The special relationship between Bolsheviks and Jews—or rather, between the Bolshevik and Jewish revolutions—became an important part of the revolutionary war of words. Many Whites and other enemies of the Bolsheviks equated the two and represented Bolshevism as a fundamentally Jewish phenomenon. This was an effective argument insofar as it made use of some obvious facts to describe the revolution as a form of foreign invasion to be repelled by true patriots. The problem with the argument—for those willing to argue—was the equally obvious size and composition of the Red Army. No one ever claimed that Babel’s “Red 182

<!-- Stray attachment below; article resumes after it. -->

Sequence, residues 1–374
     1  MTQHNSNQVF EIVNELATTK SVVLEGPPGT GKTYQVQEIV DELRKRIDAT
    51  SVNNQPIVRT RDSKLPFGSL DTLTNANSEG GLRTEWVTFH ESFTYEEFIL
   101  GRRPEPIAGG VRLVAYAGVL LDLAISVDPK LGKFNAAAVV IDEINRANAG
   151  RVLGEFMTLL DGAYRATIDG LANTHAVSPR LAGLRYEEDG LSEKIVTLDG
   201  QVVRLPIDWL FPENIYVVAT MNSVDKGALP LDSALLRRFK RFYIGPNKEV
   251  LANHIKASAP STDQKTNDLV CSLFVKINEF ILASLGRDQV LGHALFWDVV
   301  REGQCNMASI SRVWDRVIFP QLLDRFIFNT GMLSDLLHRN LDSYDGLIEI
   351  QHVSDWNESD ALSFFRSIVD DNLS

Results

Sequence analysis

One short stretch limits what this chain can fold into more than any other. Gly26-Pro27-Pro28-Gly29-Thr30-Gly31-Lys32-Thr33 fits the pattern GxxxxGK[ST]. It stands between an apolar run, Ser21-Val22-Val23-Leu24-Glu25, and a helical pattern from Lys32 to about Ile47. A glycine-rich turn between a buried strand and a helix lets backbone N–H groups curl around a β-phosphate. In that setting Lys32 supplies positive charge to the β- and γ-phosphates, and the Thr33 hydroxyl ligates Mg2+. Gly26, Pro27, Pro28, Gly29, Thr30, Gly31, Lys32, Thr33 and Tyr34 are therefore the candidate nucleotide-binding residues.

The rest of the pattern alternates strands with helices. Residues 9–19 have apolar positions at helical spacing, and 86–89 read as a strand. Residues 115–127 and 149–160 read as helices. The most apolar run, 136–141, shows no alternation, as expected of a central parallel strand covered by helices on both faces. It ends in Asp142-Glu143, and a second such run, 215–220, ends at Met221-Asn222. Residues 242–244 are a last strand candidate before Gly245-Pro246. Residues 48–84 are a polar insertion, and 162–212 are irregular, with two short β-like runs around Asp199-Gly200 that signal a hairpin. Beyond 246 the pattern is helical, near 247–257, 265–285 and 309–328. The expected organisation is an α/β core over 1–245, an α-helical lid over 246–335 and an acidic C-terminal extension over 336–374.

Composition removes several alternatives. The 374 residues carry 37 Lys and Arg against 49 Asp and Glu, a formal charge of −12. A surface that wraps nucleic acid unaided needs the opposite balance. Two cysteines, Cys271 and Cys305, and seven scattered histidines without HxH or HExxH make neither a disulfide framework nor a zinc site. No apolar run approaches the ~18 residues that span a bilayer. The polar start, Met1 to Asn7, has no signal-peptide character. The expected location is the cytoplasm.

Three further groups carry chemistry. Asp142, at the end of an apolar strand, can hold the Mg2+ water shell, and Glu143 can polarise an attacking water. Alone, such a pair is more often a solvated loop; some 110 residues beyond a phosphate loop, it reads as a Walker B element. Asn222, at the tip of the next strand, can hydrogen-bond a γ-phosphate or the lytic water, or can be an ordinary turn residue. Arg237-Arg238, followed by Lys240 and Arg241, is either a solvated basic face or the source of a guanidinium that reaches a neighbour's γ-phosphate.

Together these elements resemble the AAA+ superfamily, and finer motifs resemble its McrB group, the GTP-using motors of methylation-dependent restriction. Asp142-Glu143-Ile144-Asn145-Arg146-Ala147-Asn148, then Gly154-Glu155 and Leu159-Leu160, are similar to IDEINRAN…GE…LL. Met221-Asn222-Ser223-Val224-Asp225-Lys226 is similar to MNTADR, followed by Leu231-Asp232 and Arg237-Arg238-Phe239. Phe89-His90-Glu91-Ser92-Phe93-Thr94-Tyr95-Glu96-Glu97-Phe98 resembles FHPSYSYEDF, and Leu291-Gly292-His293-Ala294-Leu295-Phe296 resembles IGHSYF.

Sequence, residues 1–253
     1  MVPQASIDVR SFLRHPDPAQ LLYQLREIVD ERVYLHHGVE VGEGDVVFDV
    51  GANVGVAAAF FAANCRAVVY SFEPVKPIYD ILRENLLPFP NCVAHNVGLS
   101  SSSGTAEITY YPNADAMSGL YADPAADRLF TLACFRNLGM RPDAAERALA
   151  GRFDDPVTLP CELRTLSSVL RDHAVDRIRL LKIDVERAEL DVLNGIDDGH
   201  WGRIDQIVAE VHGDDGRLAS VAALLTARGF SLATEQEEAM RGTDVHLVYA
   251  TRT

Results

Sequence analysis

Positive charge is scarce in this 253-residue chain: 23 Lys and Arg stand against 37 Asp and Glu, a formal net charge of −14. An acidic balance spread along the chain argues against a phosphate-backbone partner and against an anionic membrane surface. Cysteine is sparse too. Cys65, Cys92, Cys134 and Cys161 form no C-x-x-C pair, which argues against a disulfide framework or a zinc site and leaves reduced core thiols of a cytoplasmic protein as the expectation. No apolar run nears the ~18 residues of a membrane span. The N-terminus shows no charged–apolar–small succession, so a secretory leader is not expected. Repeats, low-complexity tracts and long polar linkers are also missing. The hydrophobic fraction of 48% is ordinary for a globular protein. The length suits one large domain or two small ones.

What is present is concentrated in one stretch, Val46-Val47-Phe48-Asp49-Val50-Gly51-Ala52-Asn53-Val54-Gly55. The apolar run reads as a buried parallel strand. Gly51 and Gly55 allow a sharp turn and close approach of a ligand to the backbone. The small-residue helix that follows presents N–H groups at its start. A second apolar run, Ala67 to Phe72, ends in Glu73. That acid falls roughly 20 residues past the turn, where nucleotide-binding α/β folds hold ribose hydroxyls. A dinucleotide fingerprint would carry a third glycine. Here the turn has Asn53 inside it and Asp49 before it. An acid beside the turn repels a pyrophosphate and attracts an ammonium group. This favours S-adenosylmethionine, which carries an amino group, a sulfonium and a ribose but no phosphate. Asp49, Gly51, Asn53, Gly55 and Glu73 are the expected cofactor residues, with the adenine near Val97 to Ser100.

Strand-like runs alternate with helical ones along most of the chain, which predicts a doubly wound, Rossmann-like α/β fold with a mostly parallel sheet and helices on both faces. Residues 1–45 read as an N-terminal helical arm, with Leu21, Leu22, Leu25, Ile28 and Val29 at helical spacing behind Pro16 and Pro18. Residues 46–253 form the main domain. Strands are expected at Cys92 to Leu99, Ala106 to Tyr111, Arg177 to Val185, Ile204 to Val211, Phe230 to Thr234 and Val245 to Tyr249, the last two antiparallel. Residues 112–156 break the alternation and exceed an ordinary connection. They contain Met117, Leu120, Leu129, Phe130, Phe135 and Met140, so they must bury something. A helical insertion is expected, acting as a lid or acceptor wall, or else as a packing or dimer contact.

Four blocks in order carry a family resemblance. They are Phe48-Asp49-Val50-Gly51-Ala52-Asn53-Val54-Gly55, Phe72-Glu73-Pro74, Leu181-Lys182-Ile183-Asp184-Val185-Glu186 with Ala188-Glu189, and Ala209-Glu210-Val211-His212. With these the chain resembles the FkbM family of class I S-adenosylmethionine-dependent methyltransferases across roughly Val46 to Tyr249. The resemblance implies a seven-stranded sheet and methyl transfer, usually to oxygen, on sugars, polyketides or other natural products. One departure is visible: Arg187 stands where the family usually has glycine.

Cavalry” stories about a Jew trying to join revolutionary Cossacks should have been about a Cossack trying to join revolutionary Jews. And even N. A. Sokolov, the Kolchak government investigator of the tsar’s murder who made the point of referring to various rescue efforts as “attempts by the Russian people to save the royal family,” made it clear that the Jewish commissars Goloshchekin and Yurovsky had no trouble finding eager regicides (and convinced Bolsheviks) among local factory workers.114 Another view assumed that the civil war was, indeed, civil in the sense of being fratricidal, but argued that the Jews bore a special responsibility for the outcome because the Bolshevik doctrine was evil and because the Jews were overrepresented among its authors and principal practitioners. The best-known defense of this view was offered by the prominent monarchist, Russian nationalist, and anti-Semite V. V. Shulgin in a book written in France in 1927. The book was called What We Do Not Like Them For. Addressing “them” directly, Shulgin wrote: We do not like the fact that you took too prominent a part in the revolution, which turned out to be the greatest lie and fraud. We do not like the fact that you became the backbone and core of the Communist Party. We do not like the fact that, with your discipline and solidarity, your persistence and will, you have consolidated and strengthened for years to come the maddest and bloodiest enterprise that humanity has known since the day of creation. We do not like the fact that this experiment was carried out in order to implement the teachings of a Jew, Karl Marx. We do not like the fact that this whole terrible thing was done on the Russian back and that it has cost us Russians, all of us together and each one of us separately, unutterable losses. We do not like the fact that you, Jews, a relatively small group within the Russian population, participated in this vile deed out of all proportion to your numbers.115 What could be done about this? Probably for the first time in the history of Russian political writing, Shulgin proposed an explicit and comprehensive defense of the principle of ethnic responsibility, ethnic guilt, and ethnic remorse. Anticipating the standard reasoning of the second half of the century, he argued that whereas legally sons should not have to 183